‘It does not matter if John Boehner is a reasonable man’

Updated
 
'It does not matter if John Boehner is a reasonable man'
'It does not matter if John Boehner is a reasonable man'

House Speaker John Boehner blinked. Unable to get his caucus behind the Grand Bargain to raise the debt ceiling, this weekend Mr. Boehner gave up trying. House Majority Leader Eric Cantor, who quit the Biden talks late last month, to now call the spending cuts Vice President Joe Biden negotiated an acceptable framework for a smaller deal.

Democratic Congressman Chris Van Hollen reminds the world that Democrats agreed to the $2 trillion or so in Biden cuts only as part of a package that also closes the corporate tax loopholes Mr. Cantor has defended. So we’re right back where we started, only Mr. Cantor looks to be driving the process now. “It does not matter if John Boehner is a reasonable man,” writes Ezra Klein. What Mr. Cantor wants is the repudiation of the Republicans’ own idea, the 85:15 mix of spending cuts and tax increases that Republicans proposed in March and Democrats delivered. He’s playing to the wealthy donors and the tax-phobic right, while elbowing Speaker Boehner aside.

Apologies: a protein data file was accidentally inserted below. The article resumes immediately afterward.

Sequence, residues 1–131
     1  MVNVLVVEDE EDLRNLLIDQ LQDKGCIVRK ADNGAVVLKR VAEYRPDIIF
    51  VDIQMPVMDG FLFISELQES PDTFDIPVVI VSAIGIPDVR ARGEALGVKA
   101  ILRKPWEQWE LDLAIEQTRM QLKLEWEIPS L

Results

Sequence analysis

If you’re wondering what Democrats think they might gain here, try this from the New York Times:

Democrats say that because of Mr. Boehner’s retreat, they will now be able to portray Republicans as refusing major Democratic concessions on spending in order to protect tax breaks for big businesses and rich Americans.

Quick caveats: The Democratic base is not happy about those concessions on spending, especially the cutting President Obama proposed for Medicare and Social Security. What’s more, Republicans trying to make a symbolic stand on taxes, as Mr. Cantor seems to be doing, have no incentive to save the economy – they want voters to love them for opposing taxes and hate the Obama administration if the nation defaults on its debt. If the debt ceiling deal really does run off the rails and a global economic crisis ensues, Democrats might find real limits on the upside they’re eyeing today.

(Image: A plaque in Exeter, New Hampshire, commemorates the naming of the Republican Party there in 1853 by abolitionist Amos Tuck. It’s the political metaphor of the day, so far. Thanks to @politics07040 for the pic.)

Eric Cantor and John Boehner

'It does not matter if John Boehner is a reasonable man'

Updated